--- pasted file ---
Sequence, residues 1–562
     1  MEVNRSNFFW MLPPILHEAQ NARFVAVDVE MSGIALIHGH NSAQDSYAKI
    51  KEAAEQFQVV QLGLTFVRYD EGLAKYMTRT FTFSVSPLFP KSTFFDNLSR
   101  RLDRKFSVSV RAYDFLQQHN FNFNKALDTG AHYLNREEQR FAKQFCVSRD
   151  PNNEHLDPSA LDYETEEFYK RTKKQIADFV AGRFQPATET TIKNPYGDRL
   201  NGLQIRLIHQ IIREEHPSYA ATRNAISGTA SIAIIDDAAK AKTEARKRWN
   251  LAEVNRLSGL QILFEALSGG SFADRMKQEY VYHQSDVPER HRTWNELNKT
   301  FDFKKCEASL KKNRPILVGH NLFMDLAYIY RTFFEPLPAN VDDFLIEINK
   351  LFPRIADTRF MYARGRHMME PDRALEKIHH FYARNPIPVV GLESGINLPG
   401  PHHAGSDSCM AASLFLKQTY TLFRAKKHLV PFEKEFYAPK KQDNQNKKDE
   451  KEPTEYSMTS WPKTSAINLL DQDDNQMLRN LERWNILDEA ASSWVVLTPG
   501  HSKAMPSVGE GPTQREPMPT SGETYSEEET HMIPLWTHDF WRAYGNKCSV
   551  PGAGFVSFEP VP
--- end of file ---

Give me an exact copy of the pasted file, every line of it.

Sequence, residues 1–562
     1  MEVNRSNFFW MLPPILHEAQ NARFVAVDVE MSGIALIHGH NSAQDSYAKI
    51  KEAAEQFQVV QLGLTFVRYD EGLAKYMTRT FTFSVSPLFP KSTFFDNLSR
   101  RLDRKFSVSV RAYDFLQQHN FNFNKALDTG AHYLNREEQR FAKQFCVSRD
   151  PNNEHLDPSA LDYETEEFYK RTKKQIADFV AGRFQPATET TIKNPYGDRL
   201  NGLQIRLIHQ IIREEHPSYA ATRNAISGTA SIAIIDDAAK AKTEARKRWN
   251  LAEVNRLSGL QILFEALSGG SFADRMKQEY VYHQSDVPER HRTWNELNKT
   301  FDFKKCEASL KKNRPILVGH NLFMDLAYIY RTFFEPLPAN VDDFLIEINK
   351  LFPRIADTRF MYARGRHMME PDRALEKIHH FYARNPIPVV GLESGINLPG
   401  PHHAGSDSCM AASLFLKQTY TLFRAKKHLV PFEKEFYAPK KQDNQNKKDE
   451  KEPTEYSMTS WPKTSAINLL DQDDNQMLRN LERWNILDEA ASSWVVLTPG
   501  HSKAMPSVGE GPTQREPMPT SGETYSEEET HMIPLWTHDF WRAYGNKCSV
   551  PGAGFVSFEP VP